Monday, December 27, 2021

Alawatura Ganegoda Viharaya

Alawatura Ganegoda Viharaya
Alawatura Ganegoda Viharaya is a Buddhist temple situated in Alawathura village in Kegalle District, Sri Lanka. It is the only rock-cut Buddhist temple found in the district.

History
Dharmakirthi Sthavira, the builder of Gadaladeniya Viharaya (14th century) is said to have lived at Alawatura Viharaya before he moved over to Gampola (De Silva, 1990). Contemporary literary works such as Saddharma Ratnakaraya and Parami Satakaya mention that Dharmakirthi Sthavira was involved in religious works at Sri Dhanyakataka (India), Alawatura and Gadaladeniya (De Silva, 1990).

The temple is mentioned in the "Nampotha", an ancient Sinhalese text that lists the principal Buddhist temples in Sri Lanka during the 15th century (Bell, 1904). 

The cave temple
As in the case of Ridi Viharaya, the cave temple at Alawatura Viharaya has also been erected on a stone-faced platform built against an overhanging cliff (De Silva, 1990). It has mainly two sections, viz: the inner porch and the outer Mandapa. The inner porch is 4.3 m wide and 6.1 m long while the outer Mandapa is 5 m in width and 6.5 m in length (De Silva, 1990).

There are two entrances to the cave temple. Of them, the chief entrance is decorated with elaborately carved Gajasinha balustrades which closely resemble those at Yapahuwa and Kappagoda Viharaya (Bell, 1904). The stylobate of the outer Mandapa is moulded in Cyma reversa with upper and lower Padma (lotus leaf) and Kumuda [(torus) Bell, 1904; De Silva, 1990]. The door frame at the chief entrance is 1.8 m tall and 0.9 m wide and is shallowly carved with water-leaf beveling (Bell, 1904; De Silva, 1990). The front wall made of clay and stones reached up to the rock surface above while the right side of the cave shrine is bounded by a short wall (Bell, 1904). The roof is tiled and the front section of the inner porch are several stone pillars holding 13 horizontal stone slabs (Bell, 1904; De Silva, 1990).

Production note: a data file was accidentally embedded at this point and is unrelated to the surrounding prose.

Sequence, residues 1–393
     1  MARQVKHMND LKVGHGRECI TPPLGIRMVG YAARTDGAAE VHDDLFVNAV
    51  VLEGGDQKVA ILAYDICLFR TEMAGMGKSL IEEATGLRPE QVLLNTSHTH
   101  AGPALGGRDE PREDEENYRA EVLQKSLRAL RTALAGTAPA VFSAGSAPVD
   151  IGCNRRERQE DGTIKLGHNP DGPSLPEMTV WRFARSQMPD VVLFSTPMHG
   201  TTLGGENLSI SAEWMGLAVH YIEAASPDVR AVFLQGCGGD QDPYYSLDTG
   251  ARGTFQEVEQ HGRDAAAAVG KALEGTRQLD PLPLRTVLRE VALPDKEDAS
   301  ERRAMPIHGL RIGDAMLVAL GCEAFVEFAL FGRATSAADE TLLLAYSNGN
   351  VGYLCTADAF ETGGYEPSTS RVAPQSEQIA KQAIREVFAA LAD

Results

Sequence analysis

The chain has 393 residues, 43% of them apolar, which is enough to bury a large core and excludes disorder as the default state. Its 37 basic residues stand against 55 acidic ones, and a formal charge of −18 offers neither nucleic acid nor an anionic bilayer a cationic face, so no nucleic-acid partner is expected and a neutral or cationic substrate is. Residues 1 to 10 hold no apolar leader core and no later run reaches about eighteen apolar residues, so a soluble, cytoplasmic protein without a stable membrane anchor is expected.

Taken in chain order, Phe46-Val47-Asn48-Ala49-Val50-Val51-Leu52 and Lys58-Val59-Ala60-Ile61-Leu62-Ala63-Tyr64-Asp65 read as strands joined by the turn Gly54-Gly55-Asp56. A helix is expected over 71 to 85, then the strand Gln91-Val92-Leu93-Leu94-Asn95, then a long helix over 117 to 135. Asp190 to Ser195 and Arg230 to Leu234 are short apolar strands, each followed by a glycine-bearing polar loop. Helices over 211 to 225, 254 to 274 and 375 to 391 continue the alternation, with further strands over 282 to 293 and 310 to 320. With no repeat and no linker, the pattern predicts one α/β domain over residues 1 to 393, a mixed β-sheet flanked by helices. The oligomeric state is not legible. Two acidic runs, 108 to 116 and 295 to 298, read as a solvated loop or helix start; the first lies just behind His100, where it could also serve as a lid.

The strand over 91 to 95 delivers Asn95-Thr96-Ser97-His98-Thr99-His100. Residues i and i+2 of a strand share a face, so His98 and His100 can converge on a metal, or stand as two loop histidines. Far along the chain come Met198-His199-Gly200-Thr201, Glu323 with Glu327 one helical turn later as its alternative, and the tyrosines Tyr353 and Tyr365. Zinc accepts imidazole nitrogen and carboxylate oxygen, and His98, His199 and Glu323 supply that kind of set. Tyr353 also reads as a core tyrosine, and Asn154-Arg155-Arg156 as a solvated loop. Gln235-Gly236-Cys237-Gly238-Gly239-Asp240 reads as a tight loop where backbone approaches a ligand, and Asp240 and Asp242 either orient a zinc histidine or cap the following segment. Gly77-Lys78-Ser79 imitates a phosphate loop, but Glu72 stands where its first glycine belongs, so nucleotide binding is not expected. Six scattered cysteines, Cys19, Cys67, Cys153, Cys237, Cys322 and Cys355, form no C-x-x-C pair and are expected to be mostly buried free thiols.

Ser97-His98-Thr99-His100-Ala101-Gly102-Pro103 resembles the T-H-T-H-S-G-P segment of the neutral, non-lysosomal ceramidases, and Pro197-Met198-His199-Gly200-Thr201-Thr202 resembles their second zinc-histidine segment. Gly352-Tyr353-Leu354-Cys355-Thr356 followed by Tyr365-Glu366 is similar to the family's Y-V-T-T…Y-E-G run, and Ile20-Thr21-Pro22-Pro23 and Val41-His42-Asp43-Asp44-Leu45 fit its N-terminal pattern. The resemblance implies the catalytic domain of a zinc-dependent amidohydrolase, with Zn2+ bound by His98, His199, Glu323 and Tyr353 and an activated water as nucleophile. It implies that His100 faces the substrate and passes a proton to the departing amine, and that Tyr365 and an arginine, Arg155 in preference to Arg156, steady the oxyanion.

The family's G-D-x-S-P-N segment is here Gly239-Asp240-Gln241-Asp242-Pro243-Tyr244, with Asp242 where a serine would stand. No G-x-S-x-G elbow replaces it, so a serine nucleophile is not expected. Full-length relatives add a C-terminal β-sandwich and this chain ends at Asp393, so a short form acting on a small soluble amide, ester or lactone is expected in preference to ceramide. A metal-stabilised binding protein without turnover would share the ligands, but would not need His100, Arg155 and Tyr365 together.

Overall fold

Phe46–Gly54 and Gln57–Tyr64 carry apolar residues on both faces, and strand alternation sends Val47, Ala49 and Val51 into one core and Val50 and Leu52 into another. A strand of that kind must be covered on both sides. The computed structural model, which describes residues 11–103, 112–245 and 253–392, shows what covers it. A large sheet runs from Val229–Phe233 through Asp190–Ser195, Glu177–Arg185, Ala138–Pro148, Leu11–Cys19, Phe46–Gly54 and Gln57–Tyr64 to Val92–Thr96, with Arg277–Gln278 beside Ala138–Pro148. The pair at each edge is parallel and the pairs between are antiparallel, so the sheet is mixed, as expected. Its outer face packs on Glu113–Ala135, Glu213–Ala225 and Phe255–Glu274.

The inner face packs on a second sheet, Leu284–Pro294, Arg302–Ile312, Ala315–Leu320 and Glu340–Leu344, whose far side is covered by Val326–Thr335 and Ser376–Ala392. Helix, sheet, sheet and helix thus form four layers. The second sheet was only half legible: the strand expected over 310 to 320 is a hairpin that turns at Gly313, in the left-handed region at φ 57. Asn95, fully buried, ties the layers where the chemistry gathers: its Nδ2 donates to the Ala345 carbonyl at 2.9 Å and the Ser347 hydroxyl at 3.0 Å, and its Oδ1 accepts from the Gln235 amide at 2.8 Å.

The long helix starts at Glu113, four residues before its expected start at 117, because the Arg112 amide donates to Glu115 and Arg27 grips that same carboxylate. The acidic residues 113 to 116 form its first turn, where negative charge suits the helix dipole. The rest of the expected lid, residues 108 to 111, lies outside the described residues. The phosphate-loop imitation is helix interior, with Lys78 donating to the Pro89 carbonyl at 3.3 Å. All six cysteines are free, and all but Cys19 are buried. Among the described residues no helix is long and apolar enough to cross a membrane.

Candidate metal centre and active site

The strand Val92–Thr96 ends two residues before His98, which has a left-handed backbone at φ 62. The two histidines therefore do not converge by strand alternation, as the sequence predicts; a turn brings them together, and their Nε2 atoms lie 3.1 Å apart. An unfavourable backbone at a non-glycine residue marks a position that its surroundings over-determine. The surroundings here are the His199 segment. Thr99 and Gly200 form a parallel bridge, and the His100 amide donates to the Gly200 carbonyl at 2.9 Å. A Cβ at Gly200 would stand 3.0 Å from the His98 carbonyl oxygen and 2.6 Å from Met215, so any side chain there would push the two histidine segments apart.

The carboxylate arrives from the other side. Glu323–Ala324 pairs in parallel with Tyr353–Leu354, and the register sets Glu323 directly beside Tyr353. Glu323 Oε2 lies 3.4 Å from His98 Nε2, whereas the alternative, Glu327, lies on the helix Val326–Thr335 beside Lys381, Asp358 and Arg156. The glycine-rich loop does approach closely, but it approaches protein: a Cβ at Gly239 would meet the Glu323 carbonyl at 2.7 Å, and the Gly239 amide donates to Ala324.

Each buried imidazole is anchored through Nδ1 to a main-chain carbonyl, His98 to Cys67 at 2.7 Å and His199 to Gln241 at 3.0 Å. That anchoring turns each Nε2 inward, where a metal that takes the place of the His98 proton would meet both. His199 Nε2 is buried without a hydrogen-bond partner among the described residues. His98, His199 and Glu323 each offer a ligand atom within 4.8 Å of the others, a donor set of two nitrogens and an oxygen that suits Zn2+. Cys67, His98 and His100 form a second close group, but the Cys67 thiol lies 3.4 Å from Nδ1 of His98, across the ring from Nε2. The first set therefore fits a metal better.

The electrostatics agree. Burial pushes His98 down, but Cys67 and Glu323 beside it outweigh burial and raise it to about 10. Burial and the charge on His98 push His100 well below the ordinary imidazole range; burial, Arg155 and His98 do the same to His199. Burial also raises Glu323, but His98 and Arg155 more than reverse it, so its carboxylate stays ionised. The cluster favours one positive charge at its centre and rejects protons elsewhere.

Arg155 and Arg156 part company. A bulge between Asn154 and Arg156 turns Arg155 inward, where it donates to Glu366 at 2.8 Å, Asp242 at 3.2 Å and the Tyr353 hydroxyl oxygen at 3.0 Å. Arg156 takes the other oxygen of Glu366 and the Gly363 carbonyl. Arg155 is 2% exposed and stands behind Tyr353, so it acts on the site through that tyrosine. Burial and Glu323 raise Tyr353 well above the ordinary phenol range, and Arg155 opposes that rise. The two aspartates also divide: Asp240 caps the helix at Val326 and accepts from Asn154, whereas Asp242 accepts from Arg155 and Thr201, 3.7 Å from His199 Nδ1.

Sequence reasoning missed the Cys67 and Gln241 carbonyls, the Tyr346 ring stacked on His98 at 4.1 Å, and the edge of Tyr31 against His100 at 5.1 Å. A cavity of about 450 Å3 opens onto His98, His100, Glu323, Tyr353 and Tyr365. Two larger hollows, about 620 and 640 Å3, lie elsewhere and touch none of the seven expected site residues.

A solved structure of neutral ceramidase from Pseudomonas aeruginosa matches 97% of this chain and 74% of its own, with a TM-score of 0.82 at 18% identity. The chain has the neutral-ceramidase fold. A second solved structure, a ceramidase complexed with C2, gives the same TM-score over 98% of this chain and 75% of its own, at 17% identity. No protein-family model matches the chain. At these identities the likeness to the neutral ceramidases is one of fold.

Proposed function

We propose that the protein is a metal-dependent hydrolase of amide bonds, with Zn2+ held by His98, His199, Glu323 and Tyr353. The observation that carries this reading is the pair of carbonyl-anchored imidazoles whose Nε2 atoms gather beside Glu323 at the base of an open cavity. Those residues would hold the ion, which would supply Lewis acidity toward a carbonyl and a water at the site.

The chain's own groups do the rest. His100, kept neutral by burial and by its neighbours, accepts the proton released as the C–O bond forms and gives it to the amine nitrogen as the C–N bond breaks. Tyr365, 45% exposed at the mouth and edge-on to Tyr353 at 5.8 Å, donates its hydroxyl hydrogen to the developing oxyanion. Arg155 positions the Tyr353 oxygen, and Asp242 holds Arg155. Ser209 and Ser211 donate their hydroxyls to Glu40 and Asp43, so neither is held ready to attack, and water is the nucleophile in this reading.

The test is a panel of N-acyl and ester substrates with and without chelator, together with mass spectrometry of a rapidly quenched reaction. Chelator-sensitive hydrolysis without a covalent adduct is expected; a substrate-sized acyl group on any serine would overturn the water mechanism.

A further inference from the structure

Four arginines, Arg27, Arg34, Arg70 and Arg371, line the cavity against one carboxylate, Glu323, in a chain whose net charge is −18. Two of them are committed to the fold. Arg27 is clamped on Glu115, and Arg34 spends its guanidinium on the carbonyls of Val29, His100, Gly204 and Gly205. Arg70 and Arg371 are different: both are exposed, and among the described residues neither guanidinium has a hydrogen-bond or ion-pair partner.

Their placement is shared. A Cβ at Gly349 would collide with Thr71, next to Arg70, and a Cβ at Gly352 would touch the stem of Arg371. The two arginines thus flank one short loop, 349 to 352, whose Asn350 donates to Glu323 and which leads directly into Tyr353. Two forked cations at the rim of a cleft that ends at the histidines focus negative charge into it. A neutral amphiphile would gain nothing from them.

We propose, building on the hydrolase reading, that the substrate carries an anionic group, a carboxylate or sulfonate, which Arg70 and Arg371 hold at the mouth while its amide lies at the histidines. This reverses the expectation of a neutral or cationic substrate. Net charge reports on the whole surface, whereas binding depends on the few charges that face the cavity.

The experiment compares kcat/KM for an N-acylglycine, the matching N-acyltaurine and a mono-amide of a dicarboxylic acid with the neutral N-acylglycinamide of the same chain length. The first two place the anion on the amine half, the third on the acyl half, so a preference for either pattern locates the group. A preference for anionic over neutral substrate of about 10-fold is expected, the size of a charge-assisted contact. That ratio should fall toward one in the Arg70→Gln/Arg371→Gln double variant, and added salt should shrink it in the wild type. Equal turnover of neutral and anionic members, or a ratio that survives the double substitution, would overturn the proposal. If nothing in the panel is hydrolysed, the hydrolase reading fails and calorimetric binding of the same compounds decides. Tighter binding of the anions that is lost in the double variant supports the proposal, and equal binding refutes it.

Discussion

There is a stone-cut seated Buddha statue (1 m by 0.8 m) inside the shrine (Bell, 1904; De Silva, 1990). The wall behind the statue is decorated with a clay Makara Torana (dragon arch) and the statues of God Visnu, Saman, Natha are found stand out against the right wall (Bell, 1904; De Silva, 1990). The left wall is adorned with murals depicting Buddhist themes such as Sat-sathiya (the first seven weeks after the enlightenment). Some renewal of ornamentation have been done in the shrine in 1886 by a low-country adventurer (Bell, 1904).

According to scholars, the Mandapa of this cave shrine shows Dravidian architecture (Bell, 1904; De Silva, 1990). The forms of pillars and stylobate are found at many temples in South India such as in Conjivaram, Vellore, Vijayanagara etc (Bell, 1904; De Silva, 1990).

Inscription
On one of the stones of the temple is a short inscription mentioning a grant to the temple is Ganegoda village bounded on the east Yakgala, west by the Ela, south by Panelugala, north by Puwakgolla and Ela (Bell, 1904). Although it has been dated in Saka Year 1103 (1181 A.D.), H.C.P. Bell has identified this inscription as a forgery (Bell, 1904).
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References
1) Bell, H.C.P., 1904. Report on the Kegalle District of the Province of Sabaragamuwa. Archaeological Survey of Ceylon: XIX-1892. Government Press, Sri Lanka. pp.17,33-35,76.
2) De Silva, N., 1990. Sri Lankan architecture during the period 1200-1500 A.D.. Wijesekara, N. (Editor in chief). Archaeological Department centenary (1890-1990): Commemorative series: Volume III: Architecture. Department of Archaeology (Sri Lanka). pp.86-87.

Location Map
This page was last updated on 17 January 2022
For a complete tourist map follow this link: Lankapradeepa Tourist Map

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